Cardinals’ Carlos Beltran raises level of play in postseason
BY JOHN GROCHOWSKI For Sun-Times Media October 21, 2013 9:21PM
St. Louis Cardinals right fielder Carlos Beltran pops the cork off his bottle of champagne to start the celebration in the locker room after Game 6 of the National League Championship Series between the St. Louis Cardinals and the Los Angeles Dodgers on Friday, Oct. 18, 2013, at Busch Stadium in St. Louis. (AP Photo/St. Louis Post-Dispatch, Chris Lee)
Updated: November 23, 2013 6:24AM
Postseason records, by definition, involve small samples. Only one player in baseball history has played the equivalent of a full season’s worth of playoff and World Series games. That’s the Yankees’ Derek Jeter, who has 734 plate appearances in 158 postseason games.
So when you look at the all-time postseason leaders in OPS (on-base percentage plus slugging percentage), you have to take it with a grain or two of salt. Former Royals slugger Willie Aikens is the leader at 1.215 against a career regular-season OPS of .809, but he had only 49 postseason plate appearances. If one of his four playoff home runs had been caught on the track instead, it would have knocked 125 points off his OPS. Or if he had one more 0-for-4 game on his postseason summary, it would have cost him 104 points.
That’s the way it works with small samples.
Of the top 10 players in postseason OPS, only three have more than 100 plate appearances. Two are members of the original Yankees dynasty, performing at normal levels. Babe Ruth, No. 2 behind Aikens, had a 1.211 playoff OPS in 167 plate appearances,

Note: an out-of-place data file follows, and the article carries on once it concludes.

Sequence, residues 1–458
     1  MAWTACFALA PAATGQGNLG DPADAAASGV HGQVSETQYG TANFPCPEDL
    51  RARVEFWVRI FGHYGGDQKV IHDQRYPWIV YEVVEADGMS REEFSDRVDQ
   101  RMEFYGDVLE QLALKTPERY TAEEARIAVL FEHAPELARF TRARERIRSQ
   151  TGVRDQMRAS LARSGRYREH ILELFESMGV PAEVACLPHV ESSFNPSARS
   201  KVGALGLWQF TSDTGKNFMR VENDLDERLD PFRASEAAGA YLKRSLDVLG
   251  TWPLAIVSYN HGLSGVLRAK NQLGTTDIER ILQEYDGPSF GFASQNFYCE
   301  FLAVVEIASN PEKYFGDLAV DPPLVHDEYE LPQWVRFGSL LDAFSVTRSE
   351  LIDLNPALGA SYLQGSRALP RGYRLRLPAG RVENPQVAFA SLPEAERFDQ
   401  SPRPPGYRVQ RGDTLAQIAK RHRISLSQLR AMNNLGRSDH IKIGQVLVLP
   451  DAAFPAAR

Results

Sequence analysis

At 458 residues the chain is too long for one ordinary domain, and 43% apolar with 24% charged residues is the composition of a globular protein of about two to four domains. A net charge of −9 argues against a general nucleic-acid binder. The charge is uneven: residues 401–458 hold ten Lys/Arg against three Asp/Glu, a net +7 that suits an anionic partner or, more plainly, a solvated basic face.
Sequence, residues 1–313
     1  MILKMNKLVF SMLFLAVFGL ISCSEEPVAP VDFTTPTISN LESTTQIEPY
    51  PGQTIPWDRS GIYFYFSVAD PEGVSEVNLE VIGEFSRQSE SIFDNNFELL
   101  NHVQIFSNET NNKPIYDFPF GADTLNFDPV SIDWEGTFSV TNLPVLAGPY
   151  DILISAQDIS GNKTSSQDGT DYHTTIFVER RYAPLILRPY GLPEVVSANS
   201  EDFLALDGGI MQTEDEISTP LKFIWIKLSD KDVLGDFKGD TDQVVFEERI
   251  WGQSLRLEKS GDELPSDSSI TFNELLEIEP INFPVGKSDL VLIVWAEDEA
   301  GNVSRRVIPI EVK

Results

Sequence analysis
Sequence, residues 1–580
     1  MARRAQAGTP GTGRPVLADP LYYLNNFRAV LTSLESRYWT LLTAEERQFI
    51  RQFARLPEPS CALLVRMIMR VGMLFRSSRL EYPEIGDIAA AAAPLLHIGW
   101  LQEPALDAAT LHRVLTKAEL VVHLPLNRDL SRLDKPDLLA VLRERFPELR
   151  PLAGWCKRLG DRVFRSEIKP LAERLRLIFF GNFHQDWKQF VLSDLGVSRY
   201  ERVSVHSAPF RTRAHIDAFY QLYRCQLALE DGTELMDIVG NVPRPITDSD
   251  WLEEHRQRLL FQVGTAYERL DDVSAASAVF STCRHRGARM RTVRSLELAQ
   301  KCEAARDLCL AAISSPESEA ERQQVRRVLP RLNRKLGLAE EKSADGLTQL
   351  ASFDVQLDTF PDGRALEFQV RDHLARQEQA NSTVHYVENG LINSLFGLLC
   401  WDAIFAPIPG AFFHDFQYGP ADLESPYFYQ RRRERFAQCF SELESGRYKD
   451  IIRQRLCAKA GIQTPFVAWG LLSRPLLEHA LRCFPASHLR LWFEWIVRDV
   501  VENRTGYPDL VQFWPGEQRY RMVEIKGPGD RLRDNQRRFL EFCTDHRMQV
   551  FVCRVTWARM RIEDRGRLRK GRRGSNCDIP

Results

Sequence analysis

just a bit above his 1.164 career OPS in regular-season play. No. 3
is Lou Gehrig, who had a 1.208 postseason OPS in 150 plate appearances against a 1.080 OPS in the regular season.
The other player in the top 10 with 100 or more plate appearances in the playoffs is someone you can watch this week in the World Series. Cardinals outfielder Carlos Beltran ranks seventh with a 1.173 playoff OPS in 198 plate appearances. That includes his .944 in the National League Division Series against the Piraes and his .899 in the NL Championship Series against the Dodgers this season.
His best postseason was his first, with the Astros in 2004. At age 27, Beltran had a 1.591 OPS in the NLDS against the Braves and a 1.521 OPS in the NLCS against the Cardinals. He has had only one truly miserable playoff series, with a .722 OPS for the Mets in the 2006 NLDS against the Dodgers.
Beltran’s postseason OPS is 338 points higher than his career regular-season OPS of .835. That’s difficult to sustain, and those with significantly more plate appearances don’t approach that.
Eight hitters in major-league history have 400 or more postseason plate appearances. The highest OPS among them is .937 by Manny Ramirez in 493 plate appearances. His career regular-season OPS is .996. The hitter in that group with the greatest positive difference between regular-season and postseason OPS is Jeter (.916 in the playoffs, .828 in the regular season).
The other six: Bernie Williams (545 plate appearances, .850 postseason OPS, .858 regular-season OPS), Jorge Posada (492, .790, .848), David Justice (471, .717, .878), Kenny Lofton (438, .667, .794), Chipper Jones (417, .864, .930) and Tino Martinez (405, .672, .815).
Beltran, 36, is unlikely to reach 400 postseason plate appearances. His playoff/World Series numbers are a near-certainty to remain far above his regular-season norms. He doesn’t have to pass Aikens for that to be a major feather in his Cardinals cap.